First, let me thank you all again for all of the well-wishes last week! I deeply appreciated them and I know they contributed to getting better. I'm at about 87.6% of rarin'-to-go capacity which is a lovely place to be so soon. Today I'm going to share a bit of writing with you from a steampunk project that literally drove me to drink at least twice, (brandy toddies are magic), but one I've gained an odd affection towards. I think it mirrors my current feelings right now. As an insomniac, I'm tired most of the time, it's not fun, but you get used to it. When I'm sick, it goes from tired into pure exhaustion, along with all the aches and pains and crud associated with whatever's wrong. By the time it's done, just going back to being tired is such a treat that it feels like rest. There's an actual affection for that state in comparison to where I've come from.
On another level, I struggled with the last 10K of the steampunk story like the trials of Job, and it's not something I ever want to feel again about a story. I am, however, feeling a certain nostalgia for only have 10K to do until I'm done. I have much more ahead of me on my current WIP and my deadline of February 5th looms large. I think it's a wonderful reminder moment that, wherever we are, it's never that bad in comparison to where we could be, were circumstances different. (See how it started out funny but then got all deep at the end, yep, sneaky philosophy is the best).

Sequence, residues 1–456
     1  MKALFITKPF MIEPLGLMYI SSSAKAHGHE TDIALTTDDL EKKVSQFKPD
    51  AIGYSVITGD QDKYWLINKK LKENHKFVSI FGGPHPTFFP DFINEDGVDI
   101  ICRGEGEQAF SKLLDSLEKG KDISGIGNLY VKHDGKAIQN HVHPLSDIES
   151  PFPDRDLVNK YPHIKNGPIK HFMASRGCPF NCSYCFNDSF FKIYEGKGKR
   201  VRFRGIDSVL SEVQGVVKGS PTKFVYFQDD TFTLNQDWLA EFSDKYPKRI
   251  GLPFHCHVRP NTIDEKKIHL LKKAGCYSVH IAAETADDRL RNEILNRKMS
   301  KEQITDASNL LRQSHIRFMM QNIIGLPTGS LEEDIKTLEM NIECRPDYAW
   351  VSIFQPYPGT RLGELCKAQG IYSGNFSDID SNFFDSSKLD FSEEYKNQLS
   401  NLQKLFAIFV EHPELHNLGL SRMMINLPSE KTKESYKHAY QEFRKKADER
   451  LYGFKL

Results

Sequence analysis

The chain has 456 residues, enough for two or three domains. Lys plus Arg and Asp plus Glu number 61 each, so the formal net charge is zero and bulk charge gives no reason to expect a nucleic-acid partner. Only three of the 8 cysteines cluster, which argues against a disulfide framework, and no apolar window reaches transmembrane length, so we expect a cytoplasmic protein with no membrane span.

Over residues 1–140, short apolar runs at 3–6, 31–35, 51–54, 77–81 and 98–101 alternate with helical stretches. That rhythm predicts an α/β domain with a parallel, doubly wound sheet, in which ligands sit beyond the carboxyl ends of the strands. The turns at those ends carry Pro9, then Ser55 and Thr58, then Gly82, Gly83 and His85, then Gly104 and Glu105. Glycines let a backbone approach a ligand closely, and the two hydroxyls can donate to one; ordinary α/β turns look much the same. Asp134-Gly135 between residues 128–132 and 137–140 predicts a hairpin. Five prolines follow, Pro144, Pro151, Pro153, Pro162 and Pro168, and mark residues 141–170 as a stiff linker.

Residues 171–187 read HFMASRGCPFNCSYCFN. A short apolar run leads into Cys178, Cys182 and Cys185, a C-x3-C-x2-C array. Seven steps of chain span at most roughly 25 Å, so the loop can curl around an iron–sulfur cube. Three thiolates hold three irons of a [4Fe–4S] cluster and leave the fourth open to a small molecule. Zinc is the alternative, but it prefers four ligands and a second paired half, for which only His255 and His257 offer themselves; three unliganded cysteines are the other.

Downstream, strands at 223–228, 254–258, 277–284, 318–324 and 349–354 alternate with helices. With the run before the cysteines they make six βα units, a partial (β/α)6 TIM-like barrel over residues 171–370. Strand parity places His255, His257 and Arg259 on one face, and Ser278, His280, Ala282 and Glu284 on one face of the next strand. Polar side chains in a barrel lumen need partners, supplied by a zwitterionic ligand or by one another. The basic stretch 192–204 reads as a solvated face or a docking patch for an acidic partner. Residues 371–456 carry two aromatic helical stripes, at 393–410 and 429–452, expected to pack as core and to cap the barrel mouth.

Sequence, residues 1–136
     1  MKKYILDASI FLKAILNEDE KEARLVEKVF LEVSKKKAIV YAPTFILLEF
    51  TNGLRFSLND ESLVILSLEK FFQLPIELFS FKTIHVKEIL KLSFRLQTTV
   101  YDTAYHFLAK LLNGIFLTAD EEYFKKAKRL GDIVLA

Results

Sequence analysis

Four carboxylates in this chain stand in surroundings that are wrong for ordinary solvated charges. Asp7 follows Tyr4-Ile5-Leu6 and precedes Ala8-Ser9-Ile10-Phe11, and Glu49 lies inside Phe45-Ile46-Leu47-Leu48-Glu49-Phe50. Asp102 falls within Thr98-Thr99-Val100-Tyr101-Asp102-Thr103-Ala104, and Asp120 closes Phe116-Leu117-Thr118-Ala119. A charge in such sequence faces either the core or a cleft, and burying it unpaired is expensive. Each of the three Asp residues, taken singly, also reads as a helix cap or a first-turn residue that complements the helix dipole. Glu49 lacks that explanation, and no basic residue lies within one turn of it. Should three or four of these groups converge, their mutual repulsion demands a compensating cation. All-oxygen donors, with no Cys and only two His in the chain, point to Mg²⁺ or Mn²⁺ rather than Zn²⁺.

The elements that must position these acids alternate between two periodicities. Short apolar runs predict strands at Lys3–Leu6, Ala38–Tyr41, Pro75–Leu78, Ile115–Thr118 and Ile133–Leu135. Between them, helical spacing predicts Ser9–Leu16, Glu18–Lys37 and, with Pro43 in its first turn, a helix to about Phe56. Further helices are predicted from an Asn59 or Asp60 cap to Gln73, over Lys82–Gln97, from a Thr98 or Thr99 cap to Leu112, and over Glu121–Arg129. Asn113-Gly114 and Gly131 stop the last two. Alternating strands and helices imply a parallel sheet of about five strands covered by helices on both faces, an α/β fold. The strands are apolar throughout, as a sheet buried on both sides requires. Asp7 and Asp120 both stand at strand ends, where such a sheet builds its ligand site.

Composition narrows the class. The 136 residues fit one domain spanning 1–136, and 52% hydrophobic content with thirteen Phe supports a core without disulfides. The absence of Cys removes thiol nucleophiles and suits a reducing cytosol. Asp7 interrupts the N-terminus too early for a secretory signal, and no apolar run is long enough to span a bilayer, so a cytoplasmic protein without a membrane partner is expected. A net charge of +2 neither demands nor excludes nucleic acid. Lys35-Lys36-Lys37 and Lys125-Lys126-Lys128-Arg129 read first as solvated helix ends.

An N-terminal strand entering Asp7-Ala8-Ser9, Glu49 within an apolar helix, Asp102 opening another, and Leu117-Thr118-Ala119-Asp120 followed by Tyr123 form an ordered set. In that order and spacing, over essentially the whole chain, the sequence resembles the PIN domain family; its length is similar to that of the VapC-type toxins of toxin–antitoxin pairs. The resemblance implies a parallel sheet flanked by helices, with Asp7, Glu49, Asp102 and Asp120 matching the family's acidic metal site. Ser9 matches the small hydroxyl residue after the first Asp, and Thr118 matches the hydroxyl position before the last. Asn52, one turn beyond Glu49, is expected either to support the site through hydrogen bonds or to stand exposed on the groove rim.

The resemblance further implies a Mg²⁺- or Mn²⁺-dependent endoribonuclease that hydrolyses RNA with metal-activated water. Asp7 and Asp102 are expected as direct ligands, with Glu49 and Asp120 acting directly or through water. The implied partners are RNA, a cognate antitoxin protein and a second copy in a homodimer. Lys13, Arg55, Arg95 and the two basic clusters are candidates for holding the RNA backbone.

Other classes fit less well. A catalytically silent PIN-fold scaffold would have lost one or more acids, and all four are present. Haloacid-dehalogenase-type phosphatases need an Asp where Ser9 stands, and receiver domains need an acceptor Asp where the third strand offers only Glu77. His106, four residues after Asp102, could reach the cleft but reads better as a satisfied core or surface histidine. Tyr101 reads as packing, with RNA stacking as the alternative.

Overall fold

So here you are, Kittens, 13 Paragraphs from The Clockwork Courtesan. I didn't number this time around because it's unedited and anything that helps the flow is a plus. *grin* This is first and second-to-last attempt at anything steampunk, gaslight, weird west, fantasy-alternate-history, whathaveyou. Second-to-last, because one should never say never, and never say never again! *wink*
I'll see you tomorrow for Crush of the Week and make sure to check out Saturday Sit-down with author Rhonda L. Print answering question on writing and giving a blurb and excerpt of her novel Nightwalker.
“You know that six-shooter’s cursed?”
Holly Belle knew no such thing, but she nodded just the same. The pawn broker pursed his lips, but finally nodded and handed her the weapon. With a silken smile and iron effort, she refrained from stripping off her gloves in a most unlady-like fashion to caress the gun. Instead she turned it this way and that in her lace covered hands, giving it an almost dismissive nod of acceptance. Nothing could be dismissed about the Colt’s perfection, but her true desire to rub it against her cheek and call it pretty names didn’t stand a chance of going without scrutiny from the shop owner and above all, Holly could not afford excess attention.